Throwing rocks stones Tahrir Square Cairo.
(photo credit: AP)
CAIRO – Devastation was the word to describe Tahrir Square on
Across the cement expanse, men lolled in bloodied shirts with
bandaged heads and limbs, trying to regain their strength after a savage 16-hour melee that involved thousands of men lashing out with rocks, metal rods and
their bare hands.
In the aftermath of the vicious battle that broke out
on Wednesday and rolled into Thursday morning between anti-Mubarak protesters
and the supporters of the Egyptian president, makeshift field hospitals were set
up to deal with the thousands of wounded.RELATED:Mubarak: I'd resign, but Egypt would descend into chaos
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“Everyone that stayed here last night was
wounded in one way or another, so we’re talking about thousands of injuries,”
said Alaa S., a Cairo pediatrician who normally performs research for a health
and environmental development NGO.
He had arrived at the aid station
nearest the center of the square, one of three stations, in the early hours of
Thursday morning, and was preparing to work through the night.
definitely expecting more violence; we don’t know what they have up their
sleeves,” he said.
Tahrir Square was like the eye of a hurricane on
Thursday – humming with tension from the side streets and the 6th of October
Bridge, which saw scattered skirmishes involving rocks and the occasional live
But the square itself was mostly quiet, the men sleeping in
crumpled heaps, gingerly supporting injured body parts, or slumped against trees
and curbs drinking tea and coffee provided by volunteers.
A mosque in the
square provided temporary shelter to hundreds of sleeping men.
the side streets leading to Tahrir were cut off from the rest of Cairo by giant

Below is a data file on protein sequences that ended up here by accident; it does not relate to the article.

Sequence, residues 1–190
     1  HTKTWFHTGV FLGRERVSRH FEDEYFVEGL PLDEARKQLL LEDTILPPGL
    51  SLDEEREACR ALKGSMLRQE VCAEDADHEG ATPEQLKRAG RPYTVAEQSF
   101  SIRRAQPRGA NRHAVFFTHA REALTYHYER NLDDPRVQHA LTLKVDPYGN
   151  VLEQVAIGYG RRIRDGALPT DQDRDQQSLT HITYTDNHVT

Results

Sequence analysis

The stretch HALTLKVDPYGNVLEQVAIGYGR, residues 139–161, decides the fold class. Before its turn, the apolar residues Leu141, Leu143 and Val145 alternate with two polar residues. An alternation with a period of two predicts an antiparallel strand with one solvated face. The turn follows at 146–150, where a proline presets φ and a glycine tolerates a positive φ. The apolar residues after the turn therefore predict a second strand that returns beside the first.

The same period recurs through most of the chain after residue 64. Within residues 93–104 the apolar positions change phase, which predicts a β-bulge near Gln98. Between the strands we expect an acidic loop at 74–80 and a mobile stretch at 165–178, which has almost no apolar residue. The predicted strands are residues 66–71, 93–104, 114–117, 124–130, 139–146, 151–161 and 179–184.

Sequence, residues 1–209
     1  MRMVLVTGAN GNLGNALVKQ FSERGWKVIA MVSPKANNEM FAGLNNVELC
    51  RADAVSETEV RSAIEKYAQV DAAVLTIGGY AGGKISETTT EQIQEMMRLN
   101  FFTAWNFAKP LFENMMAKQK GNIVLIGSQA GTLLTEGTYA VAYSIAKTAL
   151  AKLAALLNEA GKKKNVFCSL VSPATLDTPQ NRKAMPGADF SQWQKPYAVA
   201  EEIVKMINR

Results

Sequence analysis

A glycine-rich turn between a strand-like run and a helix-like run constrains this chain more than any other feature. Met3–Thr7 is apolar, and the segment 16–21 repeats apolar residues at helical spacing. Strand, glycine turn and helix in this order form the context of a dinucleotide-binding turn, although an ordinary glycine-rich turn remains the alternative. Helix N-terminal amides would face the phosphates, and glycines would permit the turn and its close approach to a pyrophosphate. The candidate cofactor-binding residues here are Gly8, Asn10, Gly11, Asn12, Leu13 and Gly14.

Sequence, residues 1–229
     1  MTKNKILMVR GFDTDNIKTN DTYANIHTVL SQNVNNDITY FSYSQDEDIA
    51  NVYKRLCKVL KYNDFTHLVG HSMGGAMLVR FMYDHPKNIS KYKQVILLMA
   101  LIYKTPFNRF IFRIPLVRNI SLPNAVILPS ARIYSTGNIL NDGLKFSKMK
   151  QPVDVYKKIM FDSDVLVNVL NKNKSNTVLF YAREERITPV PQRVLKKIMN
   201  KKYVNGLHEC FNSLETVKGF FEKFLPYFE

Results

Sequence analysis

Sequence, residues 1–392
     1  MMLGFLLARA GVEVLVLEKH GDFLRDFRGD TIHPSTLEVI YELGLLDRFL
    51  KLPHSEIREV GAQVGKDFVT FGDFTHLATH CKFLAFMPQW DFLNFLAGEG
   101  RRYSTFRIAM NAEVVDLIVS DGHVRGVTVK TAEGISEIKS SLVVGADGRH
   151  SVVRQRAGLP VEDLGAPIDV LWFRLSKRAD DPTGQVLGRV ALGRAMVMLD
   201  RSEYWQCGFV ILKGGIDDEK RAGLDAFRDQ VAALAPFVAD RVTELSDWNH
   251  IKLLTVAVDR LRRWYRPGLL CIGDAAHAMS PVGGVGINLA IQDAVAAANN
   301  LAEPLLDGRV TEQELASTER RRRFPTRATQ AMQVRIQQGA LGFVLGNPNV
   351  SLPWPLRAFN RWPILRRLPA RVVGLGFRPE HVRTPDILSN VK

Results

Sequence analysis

barriers made from sheet metal stolen from a construction site and burned-out
As rumors swirled around of possible breaks in the barricades,
some men would start beating the metal fences with poles, waving their arms and
encouraging people to run toward the side streets where the break was thought to
be. Men in soiled business suits bent down to grab stones from huge stockpiles
of broken pavement as they ran to the site of the break. This scene was repeated
over and over on Thursday.
“I am very happy to have lived to see this
day,” Alaa said, as he stood over dirty white canvas on the ground that marked
the firstaid area, with bottles of iodine and a mountain of cotton and bandages
behind him. “This is the price we have to pay for freedom.
Last night was
a heroic battle.
The Egyptian people are being reborn. They’ve always
said Egyptians are disorganized, we can’t do anything, we’re lazy.
this shows our solidarity, our respect for each other and the dissolving of
“All of the sectarian violence is dissolving – Christians,
Copts and Muslims are all working together,” he said. “It makes you wonder where
all the hatred came from; maybe it was just created by the regime.”
said he had also treated two “infiltrators,” undercover police officers who were
captured by the crowd and savagely beaten.
This was possibly the worst
example of the mindless explosion of violence: mobs of 50 or more surrounding
and raining down punches on one man caught in the middle. A few foreign
journalists were similarly manhandled.
For the medical workers in Tahrir
Square, the day was spent dealing with a few people wounded in the skirmishes,
as well as continuing to treat yesterday’s injuries and thousands of bandages
that needed to be changed.
More moderate Egyptians have shied away from
these violent protests.
“Why should I come? I already got what I asked
for,” said one blogger, referring to Hosni Mubarak’s announcement on Tuesday
that he will not seek reelection.
The mood in the square was no longer
optimistic, but one of fatalism. Talk of martyrdom and heroism was rampant as
the men revved up for another night of fighting.
“We were quite
outnumbered yesterday,” Alaa said, though the opposite seemed true from a
vantage point above the square.
“It was really a historical drama, like
300 with the Spartans and the Persians. It’s a day that will always be
remembered in our history as a day of heroes, not of martyrs. Yes, there were
martyrs, but it was about heroism.
“Egyptians wanted to defend democracy
and push for social justice, and they were willing to give their lives for
that,” Alaa said. “If people don’t take a stand and we’re massacred, it will be
the responsibility of the world.”